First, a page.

Lastly, is there something we will count on out of your memoir?
That fucking I end it sometime. No, I’m working—
As a author, I get that.
The minute I pitched it, I used to be humbled. I wasn’t like, “Yeah, I’m going to fucking do that.” I used to be petrified and I’m nonetheless petrified, however I’m chugging away. It’s positively loads slower than writing a script. I can say that. And I don’t understand how it’s for novelists and journalists and folks that write in that capability each single day, however for me it’s been a sluggish burn and attempting to be taught. It hopefully can be on the planet and I gained’t disguise. Hopefully these two issues will occur on the similar time.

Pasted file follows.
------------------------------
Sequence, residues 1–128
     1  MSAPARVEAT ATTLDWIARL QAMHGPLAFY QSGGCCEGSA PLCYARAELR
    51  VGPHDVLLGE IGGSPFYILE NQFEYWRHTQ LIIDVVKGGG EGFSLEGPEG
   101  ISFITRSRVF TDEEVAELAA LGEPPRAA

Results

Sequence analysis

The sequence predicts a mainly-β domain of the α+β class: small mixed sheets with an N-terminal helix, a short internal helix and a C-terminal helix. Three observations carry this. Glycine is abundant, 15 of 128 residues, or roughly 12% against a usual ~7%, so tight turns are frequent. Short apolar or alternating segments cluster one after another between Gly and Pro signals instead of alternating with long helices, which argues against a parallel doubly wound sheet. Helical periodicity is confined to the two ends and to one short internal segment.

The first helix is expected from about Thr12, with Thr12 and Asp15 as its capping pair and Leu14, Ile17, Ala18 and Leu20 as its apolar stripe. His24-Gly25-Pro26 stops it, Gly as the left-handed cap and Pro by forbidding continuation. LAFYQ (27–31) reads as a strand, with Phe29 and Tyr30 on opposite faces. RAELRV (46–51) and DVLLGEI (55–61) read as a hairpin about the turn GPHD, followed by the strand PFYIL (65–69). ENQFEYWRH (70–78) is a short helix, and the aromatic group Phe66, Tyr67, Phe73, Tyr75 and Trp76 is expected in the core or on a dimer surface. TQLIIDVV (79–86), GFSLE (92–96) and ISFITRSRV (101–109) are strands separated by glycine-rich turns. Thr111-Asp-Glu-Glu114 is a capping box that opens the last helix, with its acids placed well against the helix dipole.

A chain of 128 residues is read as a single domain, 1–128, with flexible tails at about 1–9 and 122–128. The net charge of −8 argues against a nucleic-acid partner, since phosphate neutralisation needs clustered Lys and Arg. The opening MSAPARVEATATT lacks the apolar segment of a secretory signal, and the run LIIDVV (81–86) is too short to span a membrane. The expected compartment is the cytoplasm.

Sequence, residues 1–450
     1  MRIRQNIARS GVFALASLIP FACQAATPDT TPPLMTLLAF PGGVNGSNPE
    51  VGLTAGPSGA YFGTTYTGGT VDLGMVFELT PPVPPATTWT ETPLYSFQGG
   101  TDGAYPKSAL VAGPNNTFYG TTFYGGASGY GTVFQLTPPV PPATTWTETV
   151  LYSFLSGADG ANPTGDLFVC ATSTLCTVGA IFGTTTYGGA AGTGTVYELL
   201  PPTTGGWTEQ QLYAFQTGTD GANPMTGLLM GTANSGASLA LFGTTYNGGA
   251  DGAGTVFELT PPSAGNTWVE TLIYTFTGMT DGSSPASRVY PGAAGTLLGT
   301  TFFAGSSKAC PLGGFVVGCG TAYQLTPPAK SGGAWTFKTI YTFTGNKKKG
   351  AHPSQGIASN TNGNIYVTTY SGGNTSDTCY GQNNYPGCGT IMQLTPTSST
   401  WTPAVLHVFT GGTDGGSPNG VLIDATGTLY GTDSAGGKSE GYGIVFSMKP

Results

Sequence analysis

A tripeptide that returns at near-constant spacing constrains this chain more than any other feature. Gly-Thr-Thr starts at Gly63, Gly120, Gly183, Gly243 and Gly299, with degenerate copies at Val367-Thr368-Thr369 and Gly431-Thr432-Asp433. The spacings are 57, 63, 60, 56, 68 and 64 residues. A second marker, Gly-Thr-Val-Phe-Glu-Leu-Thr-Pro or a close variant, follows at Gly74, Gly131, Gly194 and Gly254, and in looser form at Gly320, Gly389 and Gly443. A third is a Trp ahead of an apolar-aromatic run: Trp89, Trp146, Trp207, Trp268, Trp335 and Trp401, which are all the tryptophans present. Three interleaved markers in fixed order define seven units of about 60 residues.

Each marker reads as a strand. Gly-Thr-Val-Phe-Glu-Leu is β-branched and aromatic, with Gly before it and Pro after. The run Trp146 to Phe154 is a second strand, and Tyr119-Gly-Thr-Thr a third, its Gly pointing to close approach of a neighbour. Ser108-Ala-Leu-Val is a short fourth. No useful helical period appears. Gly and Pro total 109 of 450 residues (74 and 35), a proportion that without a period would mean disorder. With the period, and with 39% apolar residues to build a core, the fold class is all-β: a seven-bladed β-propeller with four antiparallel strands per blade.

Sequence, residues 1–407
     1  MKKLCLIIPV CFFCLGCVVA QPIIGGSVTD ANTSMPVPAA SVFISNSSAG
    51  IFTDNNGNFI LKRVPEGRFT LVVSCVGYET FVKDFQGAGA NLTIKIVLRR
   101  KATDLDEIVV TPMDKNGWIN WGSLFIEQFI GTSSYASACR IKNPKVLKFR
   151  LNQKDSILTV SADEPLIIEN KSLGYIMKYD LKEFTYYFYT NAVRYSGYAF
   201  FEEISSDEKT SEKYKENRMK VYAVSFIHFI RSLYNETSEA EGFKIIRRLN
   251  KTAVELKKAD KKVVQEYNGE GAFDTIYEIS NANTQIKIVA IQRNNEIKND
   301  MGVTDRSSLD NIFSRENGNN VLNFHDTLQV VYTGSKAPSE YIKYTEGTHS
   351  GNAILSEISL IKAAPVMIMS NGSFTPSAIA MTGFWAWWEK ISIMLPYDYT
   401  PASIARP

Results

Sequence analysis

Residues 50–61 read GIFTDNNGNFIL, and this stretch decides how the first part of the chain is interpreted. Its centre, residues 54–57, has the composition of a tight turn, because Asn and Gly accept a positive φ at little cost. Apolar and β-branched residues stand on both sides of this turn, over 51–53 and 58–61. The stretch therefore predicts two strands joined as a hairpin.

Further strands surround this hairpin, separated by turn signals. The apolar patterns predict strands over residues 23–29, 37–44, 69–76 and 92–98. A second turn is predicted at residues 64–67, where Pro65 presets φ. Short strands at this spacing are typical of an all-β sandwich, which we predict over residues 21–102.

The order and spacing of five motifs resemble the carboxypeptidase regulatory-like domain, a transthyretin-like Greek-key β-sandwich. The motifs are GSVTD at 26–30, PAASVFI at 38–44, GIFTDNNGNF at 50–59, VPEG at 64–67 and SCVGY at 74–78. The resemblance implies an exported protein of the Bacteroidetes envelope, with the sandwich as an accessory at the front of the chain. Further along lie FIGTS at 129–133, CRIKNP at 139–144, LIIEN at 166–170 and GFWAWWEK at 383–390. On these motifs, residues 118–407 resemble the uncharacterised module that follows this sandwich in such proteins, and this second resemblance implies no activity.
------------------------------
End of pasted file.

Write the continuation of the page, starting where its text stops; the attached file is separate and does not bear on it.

This interview has been edited and condensed.
Erica Gonzales is the Senior Tradition Editor at ELLE.com, the place she oversees protection on TV, films, music, books, and extra. She was beforehand an editor at HarpersBAZAAR.com. There’s a 75 p.c likelihood she’s listening to Lorde proper now.